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Friday, February 07, 2014


The remarkable thing is that both new texts – damaged as they are – read almost as though they were complete poems today, partly due to the unique qualities of a poet who cannot have foreseen her poetry’s survival in fragmentary form. “The Brothers Poem” may have been intended to be seen or heard by Charaxos and Larichos themselves. But private as it is, it can still welcome and engage the modern reader, and it adds an important piece to the jigsaw that is Sappho and her work.
The Brothers Poem; translated by Christopher Pelling
[. . .]
ἀλλ’ ἄϊ θρύλησθα Χάραξον ἔλθην 
νᾶϊ σὺν πλήαι. τὰ μέν οἴομαι Ζεῦς 
οἶδε σύμπαντές τε θέοι· σὲ δ᾽οὐ χρῆ 
ταῦτα νόησθαι,
ἀλλὰ καὶ πέμπην ἔμε καὶ κέλεσθαι 
πόλλα λίσσεσθαι βασίληαν Ἤραν 
ἐξίκεσθαι τυίδε σάαν ἄγοντα 
νᾶα Χάραξον
κἄμμ’ ἐπεύρην ἀρτέμεας. τὰ δ’ ἄλλα 
πάντα δαιμόνεσσιν ἐπιτρόπωμεν· 
εὐδίαι γὰρ ἐκ μεγάλαν ἀήταν 
αἶψα πέλονται.
τῶν κε βόλληται βασίλευς Ὀλύμπω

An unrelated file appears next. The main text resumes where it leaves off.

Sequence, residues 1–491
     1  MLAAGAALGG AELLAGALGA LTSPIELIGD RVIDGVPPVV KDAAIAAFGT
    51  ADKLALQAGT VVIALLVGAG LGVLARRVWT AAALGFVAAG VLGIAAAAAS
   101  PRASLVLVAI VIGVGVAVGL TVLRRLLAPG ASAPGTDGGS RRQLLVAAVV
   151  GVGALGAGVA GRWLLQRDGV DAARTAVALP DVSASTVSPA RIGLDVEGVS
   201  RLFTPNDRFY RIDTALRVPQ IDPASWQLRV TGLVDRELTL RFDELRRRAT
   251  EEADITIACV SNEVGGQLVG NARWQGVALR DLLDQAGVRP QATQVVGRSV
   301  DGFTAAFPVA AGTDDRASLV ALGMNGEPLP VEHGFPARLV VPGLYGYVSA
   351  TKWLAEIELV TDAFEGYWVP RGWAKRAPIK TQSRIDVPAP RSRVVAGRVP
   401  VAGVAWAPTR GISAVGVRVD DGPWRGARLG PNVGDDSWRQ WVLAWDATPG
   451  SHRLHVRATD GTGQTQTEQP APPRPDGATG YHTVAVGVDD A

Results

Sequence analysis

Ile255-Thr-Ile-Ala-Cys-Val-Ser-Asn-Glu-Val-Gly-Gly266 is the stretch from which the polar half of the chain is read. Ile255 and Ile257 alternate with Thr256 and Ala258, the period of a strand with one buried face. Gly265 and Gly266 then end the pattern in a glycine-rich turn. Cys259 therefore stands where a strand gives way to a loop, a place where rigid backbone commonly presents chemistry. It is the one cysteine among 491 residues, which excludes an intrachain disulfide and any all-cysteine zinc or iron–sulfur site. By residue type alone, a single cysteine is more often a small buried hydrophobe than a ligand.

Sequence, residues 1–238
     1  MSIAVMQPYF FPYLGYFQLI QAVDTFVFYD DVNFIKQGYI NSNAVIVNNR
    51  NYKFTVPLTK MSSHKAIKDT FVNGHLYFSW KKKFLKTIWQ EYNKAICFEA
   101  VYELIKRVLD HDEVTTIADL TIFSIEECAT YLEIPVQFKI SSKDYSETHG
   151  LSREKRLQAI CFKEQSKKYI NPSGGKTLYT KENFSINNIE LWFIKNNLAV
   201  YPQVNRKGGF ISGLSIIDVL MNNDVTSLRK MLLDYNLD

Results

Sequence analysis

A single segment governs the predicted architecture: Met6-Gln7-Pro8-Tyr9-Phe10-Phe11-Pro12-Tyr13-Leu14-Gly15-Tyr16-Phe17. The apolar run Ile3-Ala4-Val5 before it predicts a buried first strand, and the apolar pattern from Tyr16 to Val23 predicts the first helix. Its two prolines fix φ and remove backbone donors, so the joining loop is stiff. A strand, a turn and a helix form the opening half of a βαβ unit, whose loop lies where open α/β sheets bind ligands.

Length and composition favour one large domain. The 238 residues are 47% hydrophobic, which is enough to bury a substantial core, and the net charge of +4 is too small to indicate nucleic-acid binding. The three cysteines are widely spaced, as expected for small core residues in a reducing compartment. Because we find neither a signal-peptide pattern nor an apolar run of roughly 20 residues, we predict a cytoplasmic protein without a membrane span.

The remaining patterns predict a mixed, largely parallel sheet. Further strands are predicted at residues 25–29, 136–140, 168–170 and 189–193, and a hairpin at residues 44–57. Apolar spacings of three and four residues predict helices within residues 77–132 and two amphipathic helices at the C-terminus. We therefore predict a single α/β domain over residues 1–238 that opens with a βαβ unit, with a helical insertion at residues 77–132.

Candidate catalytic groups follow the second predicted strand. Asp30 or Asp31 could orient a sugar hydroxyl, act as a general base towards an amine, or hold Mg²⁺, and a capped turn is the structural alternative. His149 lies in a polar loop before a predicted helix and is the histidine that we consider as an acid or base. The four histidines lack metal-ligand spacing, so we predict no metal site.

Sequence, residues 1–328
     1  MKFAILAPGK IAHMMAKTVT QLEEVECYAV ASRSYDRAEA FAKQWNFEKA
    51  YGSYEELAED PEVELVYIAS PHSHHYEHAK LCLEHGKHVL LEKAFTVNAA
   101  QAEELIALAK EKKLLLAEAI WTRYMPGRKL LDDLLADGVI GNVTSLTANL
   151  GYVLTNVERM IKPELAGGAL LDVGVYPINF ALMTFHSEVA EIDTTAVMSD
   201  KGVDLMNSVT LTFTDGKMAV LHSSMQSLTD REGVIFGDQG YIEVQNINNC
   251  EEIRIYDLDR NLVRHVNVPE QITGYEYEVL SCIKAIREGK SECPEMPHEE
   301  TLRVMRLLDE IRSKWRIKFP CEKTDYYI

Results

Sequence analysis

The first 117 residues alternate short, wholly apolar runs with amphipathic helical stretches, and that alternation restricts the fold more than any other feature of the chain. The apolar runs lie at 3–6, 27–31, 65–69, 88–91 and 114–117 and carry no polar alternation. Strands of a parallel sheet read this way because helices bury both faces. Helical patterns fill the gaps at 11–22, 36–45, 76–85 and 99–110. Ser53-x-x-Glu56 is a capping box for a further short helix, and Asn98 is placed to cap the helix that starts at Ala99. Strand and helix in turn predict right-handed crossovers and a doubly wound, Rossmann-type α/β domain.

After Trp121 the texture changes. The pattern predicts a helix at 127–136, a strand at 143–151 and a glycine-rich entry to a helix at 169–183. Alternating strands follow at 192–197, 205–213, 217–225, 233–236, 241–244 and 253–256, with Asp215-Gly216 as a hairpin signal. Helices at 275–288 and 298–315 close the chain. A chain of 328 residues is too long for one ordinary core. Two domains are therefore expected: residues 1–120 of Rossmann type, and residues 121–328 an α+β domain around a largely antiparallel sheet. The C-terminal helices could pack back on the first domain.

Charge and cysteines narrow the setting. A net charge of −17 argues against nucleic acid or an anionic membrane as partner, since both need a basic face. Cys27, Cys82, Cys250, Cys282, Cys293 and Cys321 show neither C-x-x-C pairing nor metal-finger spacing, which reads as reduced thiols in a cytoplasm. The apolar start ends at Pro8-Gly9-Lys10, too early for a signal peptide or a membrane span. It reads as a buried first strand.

δαίμον’ ἐκ πόνων ἐπάρωγον ἤδη 
περτρόπην, κῆνοι μάκαρες πέλονται 
καὶ πολύολβοι·
κἄμμες, αἴ κε τὰν κεφάλαν ἀέρρη 
Λάριχος καὶ δή ποτ᾽ ἄνηρ γένηται, 
καὶ μάλ’ ἐκ πόλλαν βαρυθυμίαν κεν 
αἶψα λύθειμεν.


[. . .]

Oh, not again – ‘Charaxus has arrived! 
His ship was full!’ Well, that’s for Zeus 
And all the other gods to know. 
Don’t think of that,
But tell me, ‘go and pour out many prayers 
To Hera, and beseech the queen 
That he should bring his ship back home 
Safely to port,
And find us sound and healthy.’ For the rest, 
Let’s simply leave it to the gods: 
Great stormy blasts go by and soon 
Give way to calm.
Sometimes a helper comes, if that’s 
The way Zeus wills, and guides a person round 
To safety: and then blessedness and wealth 
Become one’s lot.
And us? If Larichus would raise his head, 
If only he might one day be a man, 
The deep and dreary draggings of our soul 
We’d lift to joy.

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